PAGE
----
Nancy Brown also remained in the valley for the winter and did not proceed to California until the following year. She married ex-Forty-niner Chester Swift in Sacramento in 1859 and had several more children. Swift was a teamster for the Nevada mines, but also a habitual gambler. He lost their home in Carson City sometime in the 1870s and then deserted the family.
Nancy made a meager living as a cook and by selling pies but was forced to give up her three young Swift children to an orphanage in Vallejo, Calif. She appears in the 1880 census living alone in Bodie, Calif., apparently running a rooming house. Soon thereafter she went to Merced, Calif., where her daughter Ann Louise Brown Carter was living with her husband and family.
Not having heard from her husband Chester Swift in many years, Nancy married William Newman in 1882 and then was able to retrieve her children from the orphanage. When Chester Swift showed up not long after, the marriage to Newman was dissolved, and then both men abandoned her and the children. She never married again.
In the 1890s Nancy Brown Swift moved with her daughter Lillie May Swift French to a ranch near Winslow, Ariz., where Nancy died March 22, 1901. The location of her grave, unlike the grave of her first husband Ephraim Brown, is now unknown.
 Ralls County was settled in the 1820s and 1830s principally by settlers from Kentucky and Tennessee; Ephraim and Nancy Brown’s farm was in Salt River Township. In the immediate neighborhood lived Nancy Brown’s grandfather, Johnson Barnard, her mother, Paulina Nelson (née Barnard), three aunts with their families, and the two married sisters, Rebecca and Mary, wife of Nimrod Menefee. The aunt next door to the Menefees, in whose house Ira Sheckles also lived, was Adaline Barnard Fagan. The siblings’ father, Ira Sheckles, Sr., had died in 1842.
 William was born in 1847, Ann Louise in 1849, and Harriet, a deaf-mute, was born in 1853. Nothing is known about the fourth child. He or she probably died young and is only remembered in sister Ann’s obituary of 1936, where it is stated that four Brown children survived their father’s death.
- Ancestry. “Johnson Barnard.” “Nancy Sheckles.” “Arthur Menefee.” ”Ephraim Brown.” “Paulina Nelson.” ancestry.com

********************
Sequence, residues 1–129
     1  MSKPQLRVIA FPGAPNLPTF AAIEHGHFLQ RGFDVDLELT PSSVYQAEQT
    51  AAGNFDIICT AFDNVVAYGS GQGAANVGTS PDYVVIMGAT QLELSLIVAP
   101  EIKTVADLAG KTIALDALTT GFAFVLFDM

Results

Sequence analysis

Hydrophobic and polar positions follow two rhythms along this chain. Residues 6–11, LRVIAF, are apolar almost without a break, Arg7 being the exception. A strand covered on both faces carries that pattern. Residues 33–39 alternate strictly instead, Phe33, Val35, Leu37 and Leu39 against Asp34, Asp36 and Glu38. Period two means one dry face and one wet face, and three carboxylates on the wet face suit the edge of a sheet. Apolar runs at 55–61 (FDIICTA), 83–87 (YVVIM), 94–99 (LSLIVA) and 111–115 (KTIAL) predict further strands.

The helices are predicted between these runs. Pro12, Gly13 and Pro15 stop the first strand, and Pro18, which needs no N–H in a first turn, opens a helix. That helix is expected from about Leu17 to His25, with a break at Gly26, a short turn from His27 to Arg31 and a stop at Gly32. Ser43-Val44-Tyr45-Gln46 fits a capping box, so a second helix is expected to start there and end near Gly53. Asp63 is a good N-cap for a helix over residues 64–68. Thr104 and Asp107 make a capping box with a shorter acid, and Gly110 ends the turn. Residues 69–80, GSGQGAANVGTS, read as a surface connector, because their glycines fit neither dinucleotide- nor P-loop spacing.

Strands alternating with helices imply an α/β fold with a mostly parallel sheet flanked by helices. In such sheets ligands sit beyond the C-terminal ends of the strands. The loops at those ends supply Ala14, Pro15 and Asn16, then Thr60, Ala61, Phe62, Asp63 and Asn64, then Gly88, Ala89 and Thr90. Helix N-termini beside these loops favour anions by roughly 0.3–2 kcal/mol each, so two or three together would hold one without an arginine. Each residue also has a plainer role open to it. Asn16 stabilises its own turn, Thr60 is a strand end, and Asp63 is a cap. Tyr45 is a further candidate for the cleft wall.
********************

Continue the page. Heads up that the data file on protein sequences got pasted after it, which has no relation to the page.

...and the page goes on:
- Brown, Randy. “The Grave of Ephraim Brown.” The Overland Journal. Vol. 7. Number1. (1989). 25 – 27.
- Find a Grave. “Ann Louise Brown Heffner.” findagrave.com.
- French, Inez Eleanor. Letter to Raychell Sumner, containing “Notes for Lillie May Swift,” 1983. Cited in email message to author from Paul Carter. April 25, 2017. E-mail.
- Menefee, Arthur M. “Travels Across the Plains, 1857.” Nevada Historical Quarterly 9. (1966). 1–29.
- U.S. Census. Missouri, Ralls County, District 73. 1850.
- “Mrs. Annie Heffner.” Obituary clipping, unknown date, unknown newspaper, author’s collection.
- Rieck, Richard L. E-mails to author. May 1, 2017.
- Wyoming State Historic Preservation Office. “Ephraim Brown Grave,” accessed June 6, 2017 at http://wyoshpo.state.wy.us/trailsdemo/epriambrown.htm.
- The photo of the grave in the sagebrush is by the Wyoming State Historic Preservation Office. The close-up of the gravestone is by the author. Both are used with permission and thanks.
This difficult, 12-mile stretch of the Oregon Trail east of South Pass is frequently documented in emigrant literature and was site of particular suffering among members of the Willie and Martin handcart companies of Mormon emigrants in 1856. About two and a half miles of the stretch are closed to motorized travel. The trail is accessible from the all-dirt, well-maintained Hudson-Atlantic City Road, Fremont County 2302, which leaves U.S. Route 287/Wyoming Highway 789 about two miles west of Sweetwater Station and heads west from there to Atlantic City, Wyo. For advice on road conditions and detailed directions, call the Lander, Wyo. Field Office of the U. S. Bureau of Land Management, 307-332-8400. For much more on touring Wyoming’s historic trails, see Tour the Trails in Wyoming, a web page maintained by the BLM.